363Farmers will likely have to rely on other herbicides post-emergence. Often, these other herbicides have a narrower spectrum of control, control smaller weeds than glyphosate does, or require specific conditions for application. This can necessitate entering your fields even if conditions aren’t ideal. When it's time to go, it's time to go. You need a tire that can handle whatever condition your fields are in.

Whether it’s your sprayer making more passes through the field or applying herbicides in less-than-optimal conditions, the risk of soil compaction is increased. Here again, low-pressure tires like our Alliance AgriFlex+ 363 can help protect your fields from soil compaction.

Cultivate Between Rows

agriflex_354_15_view-1Instead of herbicides, some farmers will turn to weed cultivation. Cultivation doesn’t use the high quantities of herbicides as other systems, like no-till, since they’re applied after the crop and weeds have emerged. This is a delicate operation and it’s extremely important you don’t accidentally damage crops while you’re removing weeds. Tires, like our hybrid-tread Alliance AgriFlex+ 354, play a vital role when cultivating between rows—their steady, stable ride helps minimize the chance of drifting into the crop.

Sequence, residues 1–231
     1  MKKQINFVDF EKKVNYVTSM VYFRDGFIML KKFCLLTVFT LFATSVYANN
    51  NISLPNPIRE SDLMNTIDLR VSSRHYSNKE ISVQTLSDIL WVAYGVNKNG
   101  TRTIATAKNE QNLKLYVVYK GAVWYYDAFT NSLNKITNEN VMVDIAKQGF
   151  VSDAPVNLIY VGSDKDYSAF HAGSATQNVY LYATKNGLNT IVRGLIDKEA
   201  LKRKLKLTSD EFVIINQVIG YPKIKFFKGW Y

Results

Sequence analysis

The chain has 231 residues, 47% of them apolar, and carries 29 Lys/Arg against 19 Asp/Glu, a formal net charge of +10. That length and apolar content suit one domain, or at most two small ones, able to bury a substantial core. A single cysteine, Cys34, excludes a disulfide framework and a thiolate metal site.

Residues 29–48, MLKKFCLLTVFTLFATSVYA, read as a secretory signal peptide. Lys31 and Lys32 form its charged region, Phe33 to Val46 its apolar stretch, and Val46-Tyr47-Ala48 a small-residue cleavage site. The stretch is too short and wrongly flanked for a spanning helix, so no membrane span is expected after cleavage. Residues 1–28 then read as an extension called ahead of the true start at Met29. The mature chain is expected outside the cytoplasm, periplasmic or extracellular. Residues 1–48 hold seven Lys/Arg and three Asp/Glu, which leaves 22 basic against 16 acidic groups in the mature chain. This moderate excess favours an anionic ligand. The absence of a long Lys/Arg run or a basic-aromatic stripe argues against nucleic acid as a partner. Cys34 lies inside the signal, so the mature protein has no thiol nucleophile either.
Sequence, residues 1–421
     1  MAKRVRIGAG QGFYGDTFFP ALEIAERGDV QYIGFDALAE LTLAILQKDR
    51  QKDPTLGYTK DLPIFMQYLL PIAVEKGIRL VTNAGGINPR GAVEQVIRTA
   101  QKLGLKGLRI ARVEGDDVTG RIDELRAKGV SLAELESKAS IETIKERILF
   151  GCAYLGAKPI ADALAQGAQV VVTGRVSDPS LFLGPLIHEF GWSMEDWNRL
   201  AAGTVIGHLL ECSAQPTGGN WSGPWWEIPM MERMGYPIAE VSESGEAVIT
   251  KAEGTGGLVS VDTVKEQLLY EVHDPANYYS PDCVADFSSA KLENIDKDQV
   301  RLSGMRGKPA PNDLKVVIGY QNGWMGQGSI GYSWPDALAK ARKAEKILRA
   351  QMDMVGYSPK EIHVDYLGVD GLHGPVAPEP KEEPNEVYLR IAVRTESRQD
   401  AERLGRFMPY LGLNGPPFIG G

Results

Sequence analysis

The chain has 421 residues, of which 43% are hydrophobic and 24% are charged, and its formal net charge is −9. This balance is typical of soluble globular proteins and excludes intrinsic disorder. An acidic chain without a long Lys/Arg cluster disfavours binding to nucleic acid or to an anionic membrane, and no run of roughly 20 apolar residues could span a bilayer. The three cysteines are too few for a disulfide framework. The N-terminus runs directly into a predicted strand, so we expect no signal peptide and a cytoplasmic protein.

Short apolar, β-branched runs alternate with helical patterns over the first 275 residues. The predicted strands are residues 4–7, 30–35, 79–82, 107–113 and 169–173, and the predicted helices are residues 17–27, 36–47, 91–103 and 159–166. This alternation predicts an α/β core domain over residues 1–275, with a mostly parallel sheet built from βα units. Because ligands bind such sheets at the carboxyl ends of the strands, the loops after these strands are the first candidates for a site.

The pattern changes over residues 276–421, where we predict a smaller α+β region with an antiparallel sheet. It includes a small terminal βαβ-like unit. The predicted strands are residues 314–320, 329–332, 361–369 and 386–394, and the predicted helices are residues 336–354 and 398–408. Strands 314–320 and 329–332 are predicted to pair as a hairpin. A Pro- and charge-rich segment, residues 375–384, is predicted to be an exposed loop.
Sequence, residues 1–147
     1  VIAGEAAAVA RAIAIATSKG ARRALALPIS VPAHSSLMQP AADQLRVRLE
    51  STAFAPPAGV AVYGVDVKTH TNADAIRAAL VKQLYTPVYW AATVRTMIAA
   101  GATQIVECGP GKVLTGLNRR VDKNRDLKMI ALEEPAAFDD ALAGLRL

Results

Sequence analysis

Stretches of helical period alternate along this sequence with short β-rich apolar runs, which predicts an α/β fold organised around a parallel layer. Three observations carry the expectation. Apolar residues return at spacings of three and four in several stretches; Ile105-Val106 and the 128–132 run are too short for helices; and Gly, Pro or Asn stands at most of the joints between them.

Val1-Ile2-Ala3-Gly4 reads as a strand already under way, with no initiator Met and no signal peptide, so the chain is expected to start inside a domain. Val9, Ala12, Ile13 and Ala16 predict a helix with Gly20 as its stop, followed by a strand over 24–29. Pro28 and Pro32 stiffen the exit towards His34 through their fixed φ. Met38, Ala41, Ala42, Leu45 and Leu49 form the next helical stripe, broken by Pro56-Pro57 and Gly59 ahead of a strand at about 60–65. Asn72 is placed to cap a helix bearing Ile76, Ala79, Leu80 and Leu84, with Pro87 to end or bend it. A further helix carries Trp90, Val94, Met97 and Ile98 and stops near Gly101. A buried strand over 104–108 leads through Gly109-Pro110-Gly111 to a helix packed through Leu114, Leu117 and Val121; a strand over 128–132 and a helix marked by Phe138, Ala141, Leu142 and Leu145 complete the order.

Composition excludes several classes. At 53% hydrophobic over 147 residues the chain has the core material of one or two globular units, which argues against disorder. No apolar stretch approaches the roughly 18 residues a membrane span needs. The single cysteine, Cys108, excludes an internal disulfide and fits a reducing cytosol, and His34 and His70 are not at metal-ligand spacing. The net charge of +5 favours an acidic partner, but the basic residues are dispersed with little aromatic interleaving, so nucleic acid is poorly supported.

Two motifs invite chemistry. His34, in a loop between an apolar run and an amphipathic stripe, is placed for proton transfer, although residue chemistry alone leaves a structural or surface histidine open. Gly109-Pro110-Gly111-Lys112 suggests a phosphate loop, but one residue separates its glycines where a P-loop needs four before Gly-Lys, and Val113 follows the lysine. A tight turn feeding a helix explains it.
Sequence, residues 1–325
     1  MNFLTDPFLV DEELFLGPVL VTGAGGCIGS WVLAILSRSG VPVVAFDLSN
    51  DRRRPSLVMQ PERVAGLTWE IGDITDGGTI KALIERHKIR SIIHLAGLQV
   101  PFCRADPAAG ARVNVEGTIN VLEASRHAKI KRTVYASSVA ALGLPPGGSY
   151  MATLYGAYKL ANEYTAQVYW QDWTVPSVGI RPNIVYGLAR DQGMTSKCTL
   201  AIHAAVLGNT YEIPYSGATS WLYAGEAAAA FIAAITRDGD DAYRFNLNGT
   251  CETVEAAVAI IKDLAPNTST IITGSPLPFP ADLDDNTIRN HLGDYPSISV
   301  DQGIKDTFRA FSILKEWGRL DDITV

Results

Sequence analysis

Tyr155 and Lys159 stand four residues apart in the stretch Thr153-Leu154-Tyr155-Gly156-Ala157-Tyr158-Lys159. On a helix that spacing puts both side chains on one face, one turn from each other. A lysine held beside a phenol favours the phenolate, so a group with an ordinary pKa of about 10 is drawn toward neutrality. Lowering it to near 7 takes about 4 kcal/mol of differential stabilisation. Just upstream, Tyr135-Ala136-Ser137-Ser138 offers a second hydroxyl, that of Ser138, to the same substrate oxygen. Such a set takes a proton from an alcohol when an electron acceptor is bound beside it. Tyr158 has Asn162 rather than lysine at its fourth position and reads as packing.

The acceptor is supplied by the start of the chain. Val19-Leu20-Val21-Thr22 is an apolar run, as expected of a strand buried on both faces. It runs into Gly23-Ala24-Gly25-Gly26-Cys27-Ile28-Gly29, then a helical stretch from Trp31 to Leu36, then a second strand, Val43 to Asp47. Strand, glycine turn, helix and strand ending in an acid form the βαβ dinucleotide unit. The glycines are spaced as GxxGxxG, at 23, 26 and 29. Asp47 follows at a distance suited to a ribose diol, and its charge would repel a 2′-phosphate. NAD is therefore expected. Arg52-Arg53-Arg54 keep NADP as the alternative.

Manage Expectations 

Controlling weeds is a challenge facing farmers this year and as the high prices and availability of glyphosate persist, you’ll need to manage expectations. It’s going to be a tough year for weeds, so every farmer is going to need to be on the lookout for problems and ready to react in a timely, targeted manner. Every aspect of their operation needs to be ready...right down to their tires, properly inflated and ready for action.

Yokohama Off-Highway Tires America

Herbicide availability and prices are a challenge, but it’s also an opportunity for farmers to reacquaint themselves with weed control methods outside of broad-spectrum glyphosate-based herbicides. It’s also a chance for farmers to think about their tires and the important role they play in farm operations. The right tires can improve productivity and efficiency, lower fuel costs, and help protect valuable soil. 

Learn More About Alliance Agriflex Tires Whether you need tires for a gigantic floater or a highboy sprayer, and whether you're conventional tilling, or running a no-till operation, our Alliance AgriFlex+ range has a low-pressure solution for you. Contact your local YOHTA dealer or representative today to learn how our AgriFlex+ tires can help your farm in times of abundant herbicide and when supplies are tight.